Olympic National Park

OLYMPIC NATIONAL PARK, an area of more than 900,000 acres in the center of the Olympic Peninsula, is a wilderness of virgin forests, precipitous canyons, and alpine meadows, from which emerge lofty mountain peaks with shining glaciers and vast snow fields. With the surrounding Olympic National Forest, the region is one of the few great areas of primeval beauty left in the United States, and its unique rain forests are as spectacular as the inchoate mass of its mountains.

In 1774, Juan Perez, a roving Spanish sea captain sailing up the coast, sighted the snowy pinnacles of the Olympics against a blazing blue summer sky. He named them Cerro de la Santa Rosalia, but this euphonious name was not destined to last; 14 years later Captain John Meares, in command of a British barkentine off the Washington coast, declared the mountains a fit home for the gods and named the highest peak Mount Olympus.

There seems to be no exact record of the first ascent of Mount Olympus. A report made in Steel Points, published at Portland, Oregon, in July 1907, states that Henry D. Cook and B. F. Shaw, members of a private exploring expedition, accompanied by two Indians, climbed the peak in July 1854. In the park superintendent's files is a sketch of one of the earliest expeditions into the park area; in 1890 a company of picked men, headed by young Lieutenant Joseph P. O'Neil, blazed their way from Hoodsport up past Lake Cushman and on up the North Fork of Skokomish River to the East Fork of the Quinault, enduring severe hardships as they forged through great forests where no trails existed.

The finest example of the magnificent rain forests are found in the lower valleys of the western slopes, where great stands of Douglas fir, western hemlock, western red cedar, and silver fir grow to gigantic size and height. Temperate climate, winter rainfall, and other conditions favor a tropic luxuriance in both trees and undergrowth. The fallen trunks of enormous trees become nourishment for seedlings that take root upon them, and thus new trees continually replace the old. Great festoons of moss hang from the towering trees, and the ground in some places is an almost impenetrable tangle of fern, vine maple, and other jungle-like growth.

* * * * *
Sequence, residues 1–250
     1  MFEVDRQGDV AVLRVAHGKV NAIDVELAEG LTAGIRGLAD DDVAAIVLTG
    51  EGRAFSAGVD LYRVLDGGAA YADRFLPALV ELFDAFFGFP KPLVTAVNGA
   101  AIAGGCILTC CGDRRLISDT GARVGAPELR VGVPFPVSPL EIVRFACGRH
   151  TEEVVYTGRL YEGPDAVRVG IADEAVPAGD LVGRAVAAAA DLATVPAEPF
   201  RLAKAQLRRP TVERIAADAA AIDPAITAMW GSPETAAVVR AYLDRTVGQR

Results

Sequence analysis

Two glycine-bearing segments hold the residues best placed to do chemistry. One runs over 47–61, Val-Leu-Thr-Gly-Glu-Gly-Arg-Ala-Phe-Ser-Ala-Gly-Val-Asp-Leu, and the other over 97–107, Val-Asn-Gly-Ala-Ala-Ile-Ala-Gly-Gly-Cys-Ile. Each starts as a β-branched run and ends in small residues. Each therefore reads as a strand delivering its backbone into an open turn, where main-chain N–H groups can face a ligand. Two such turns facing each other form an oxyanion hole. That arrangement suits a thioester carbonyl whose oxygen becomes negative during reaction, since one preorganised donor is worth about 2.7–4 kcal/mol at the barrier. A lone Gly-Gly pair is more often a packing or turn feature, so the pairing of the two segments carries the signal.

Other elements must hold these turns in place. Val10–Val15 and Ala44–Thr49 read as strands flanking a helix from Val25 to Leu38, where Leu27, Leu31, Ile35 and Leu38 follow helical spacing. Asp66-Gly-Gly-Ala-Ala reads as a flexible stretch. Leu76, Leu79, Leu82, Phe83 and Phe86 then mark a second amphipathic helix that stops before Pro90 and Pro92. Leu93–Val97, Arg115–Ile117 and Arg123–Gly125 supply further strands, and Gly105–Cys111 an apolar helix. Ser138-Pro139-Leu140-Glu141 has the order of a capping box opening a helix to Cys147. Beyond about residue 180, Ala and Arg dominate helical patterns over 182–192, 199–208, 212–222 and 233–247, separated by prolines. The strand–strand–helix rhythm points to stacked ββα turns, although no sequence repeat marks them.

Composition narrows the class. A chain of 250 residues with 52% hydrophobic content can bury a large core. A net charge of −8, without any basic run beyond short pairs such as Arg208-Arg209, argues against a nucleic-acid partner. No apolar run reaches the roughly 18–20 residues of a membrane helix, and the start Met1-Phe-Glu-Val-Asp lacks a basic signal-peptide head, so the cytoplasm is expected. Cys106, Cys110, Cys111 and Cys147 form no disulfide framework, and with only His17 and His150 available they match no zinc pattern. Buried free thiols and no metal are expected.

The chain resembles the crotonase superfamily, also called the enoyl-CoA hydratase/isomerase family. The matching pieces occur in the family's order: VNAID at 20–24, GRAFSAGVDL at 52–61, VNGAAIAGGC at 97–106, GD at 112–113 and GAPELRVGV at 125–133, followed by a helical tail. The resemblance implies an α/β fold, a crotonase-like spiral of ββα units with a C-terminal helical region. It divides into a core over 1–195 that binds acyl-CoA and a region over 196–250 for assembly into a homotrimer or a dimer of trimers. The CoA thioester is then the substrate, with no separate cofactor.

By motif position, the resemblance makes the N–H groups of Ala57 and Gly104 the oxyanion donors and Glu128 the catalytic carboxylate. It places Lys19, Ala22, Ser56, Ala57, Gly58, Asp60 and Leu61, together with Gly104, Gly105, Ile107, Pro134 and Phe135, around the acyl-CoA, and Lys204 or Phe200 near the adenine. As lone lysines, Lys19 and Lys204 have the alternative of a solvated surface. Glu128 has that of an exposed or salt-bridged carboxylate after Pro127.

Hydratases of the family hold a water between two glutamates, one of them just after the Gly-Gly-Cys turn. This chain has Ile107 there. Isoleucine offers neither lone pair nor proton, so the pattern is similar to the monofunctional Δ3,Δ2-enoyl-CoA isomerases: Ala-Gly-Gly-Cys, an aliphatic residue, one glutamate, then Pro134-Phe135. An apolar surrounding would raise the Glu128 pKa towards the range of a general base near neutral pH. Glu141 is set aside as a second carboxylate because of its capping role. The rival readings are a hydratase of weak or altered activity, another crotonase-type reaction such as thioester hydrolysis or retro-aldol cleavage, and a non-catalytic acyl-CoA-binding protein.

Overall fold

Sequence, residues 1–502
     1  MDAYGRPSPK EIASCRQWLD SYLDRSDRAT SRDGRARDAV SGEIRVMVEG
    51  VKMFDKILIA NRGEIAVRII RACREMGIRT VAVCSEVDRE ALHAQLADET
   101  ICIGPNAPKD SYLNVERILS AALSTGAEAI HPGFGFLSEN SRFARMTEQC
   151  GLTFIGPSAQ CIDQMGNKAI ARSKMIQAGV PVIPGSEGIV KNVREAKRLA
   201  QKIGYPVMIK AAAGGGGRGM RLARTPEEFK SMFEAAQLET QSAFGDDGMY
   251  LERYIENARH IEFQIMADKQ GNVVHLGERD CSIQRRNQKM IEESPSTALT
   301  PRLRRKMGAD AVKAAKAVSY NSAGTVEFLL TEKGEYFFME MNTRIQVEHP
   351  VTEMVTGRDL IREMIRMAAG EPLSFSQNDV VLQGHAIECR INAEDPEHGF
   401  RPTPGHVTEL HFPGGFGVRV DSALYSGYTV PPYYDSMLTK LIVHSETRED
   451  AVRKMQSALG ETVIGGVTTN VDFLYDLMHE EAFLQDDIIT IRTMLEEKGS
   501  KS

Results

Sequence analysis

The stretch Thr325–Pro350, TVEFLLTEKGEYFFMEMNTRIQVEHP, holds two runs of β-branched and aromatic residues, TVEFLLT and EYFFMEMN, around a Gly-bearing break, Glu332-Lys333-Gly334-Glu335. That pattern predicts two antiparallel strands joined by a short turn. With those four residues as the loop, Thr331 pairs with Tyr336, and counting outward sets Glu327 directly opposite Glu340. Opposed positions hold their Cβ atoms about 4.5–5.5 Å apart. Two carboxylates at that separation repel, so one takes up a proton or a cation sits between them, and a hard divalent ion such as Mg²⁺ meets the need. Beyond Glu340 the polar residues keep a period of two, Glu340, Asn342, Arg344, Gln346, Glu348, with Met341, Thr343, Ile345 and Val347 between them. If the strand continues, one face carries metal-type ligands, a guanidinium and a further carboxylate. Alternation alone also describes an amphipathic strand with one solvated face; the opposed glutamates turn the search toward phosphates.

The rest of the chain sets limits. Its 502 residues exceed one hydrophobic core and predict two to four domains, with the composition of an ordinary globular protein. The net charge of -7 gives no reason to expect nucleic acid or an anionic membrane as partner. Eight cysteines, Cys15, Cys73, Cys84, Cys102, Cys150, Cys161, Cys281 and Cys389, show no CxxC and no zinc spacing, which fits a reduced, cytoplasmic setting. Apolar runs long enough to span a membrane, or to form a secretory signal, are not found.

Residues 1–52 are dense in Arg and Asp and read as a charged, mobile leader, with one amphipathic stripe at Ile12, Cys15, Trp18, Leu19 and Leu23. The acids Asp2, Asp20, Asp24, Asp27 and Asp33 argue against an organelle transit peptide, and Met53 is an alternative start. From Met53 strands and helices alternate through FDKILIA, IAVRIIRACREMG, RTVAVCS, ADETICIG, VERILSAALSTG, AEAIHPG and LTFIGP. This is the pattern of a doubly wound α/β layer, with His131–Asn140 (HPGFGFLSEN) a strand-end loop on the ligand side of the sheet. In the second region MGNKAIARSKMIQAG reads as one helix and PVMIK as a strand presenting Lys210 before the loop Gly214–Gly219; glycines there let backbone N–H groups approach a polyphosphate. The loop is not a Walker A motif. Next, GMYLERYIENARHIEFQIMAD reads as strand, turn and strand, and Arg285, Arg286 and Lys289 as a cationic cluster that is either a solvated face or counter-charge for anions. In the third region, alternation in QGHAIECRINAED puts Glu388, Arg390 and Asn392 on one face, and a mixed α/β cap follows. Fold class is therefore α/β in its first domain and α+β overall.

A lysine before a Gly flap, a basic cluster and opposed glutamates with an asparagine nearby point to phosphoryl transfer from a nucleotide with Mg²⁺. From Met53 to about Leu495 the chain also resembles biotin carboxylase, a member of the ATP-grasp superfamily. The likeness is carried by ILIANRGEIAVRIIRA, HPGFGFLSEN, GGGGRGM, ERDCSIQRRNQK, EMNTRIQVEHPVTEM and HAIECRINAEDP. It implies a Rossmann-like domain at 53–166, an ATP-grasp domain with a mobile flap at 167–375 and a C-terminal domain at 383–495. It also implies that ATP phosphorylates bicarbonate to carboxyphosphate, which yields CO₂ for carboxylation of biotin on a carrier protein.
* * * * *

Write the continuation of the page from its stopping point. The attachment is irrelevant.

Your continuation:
The Olympic Mountains arise in their splendid confusion about the center of the park, encircled by a belt of evergreen forest 50 miles wide and more than 200 miles in circumference. Here are no ordered ranges, but instead a vast pile of rugged rock and snow-covered knifelike peaks, varying in elevation from 3,000 to 8,000 feet, the height of Mount Olympus. Numerous mountains that have been explored are nearly as high as Olympus, and there are others yet to be climbed and named. In places the mountainsides drop almost vertically for more than 3,000 feet, and from the tops of these sheer stone cliffs flow hundreds of filmy waterfalls fed by melting snows.

More than 50 glaciers, with approximately 36 square miles of ice and snow fields, drape the peaks, among them some of the largest and best-formed glaciers in the United States. Those on Olympus are particularly remarkable, one of the most interesting and beautiful being the Blue Glacier, which is really a clear blue. Here the climber, making his way over the rugged terminal moraine, may observe, wherever the bedrock is exposed, deep grooves in the striated surface, the marks of the glacier when it filled the valley to a lower altitude. On the upper glacier where the slope becomes steep, the ascent is made over fields of ice and snow and ledges of glaciated rock to vantage points alongside and above the rugged and picturesque ice-fall. From these points may be viewed the broadly sweeping curves of the medial and lateral moraines and lines of flow in the ice, the curves of the glacier high in the cirques or ice-pockets near the summit; and crowning all, too steep to retain a mantle of ice and snow, the cliffs, the knife-edge crests, and jagged pinnacles of rock that rise between and above the ice-pockets.

Upon nearly every high peak several glaciers are slowly grinding down the rugged sides; at the same time they are receding and forming rivers of ice, the headwaters for the principal streams in the park. Within this glacial field are yawning crevasses and great boulders shielding columns of ice from the summer sun; there are smaller rock fragments sunk in deep wells and pits beyond reach of sunlight; silvery streams of melted ice and snow, plunging from shallow channels into the deep roaring moulins or devil's cauldrons; and above are the lonely pinnacles of rock and ice.

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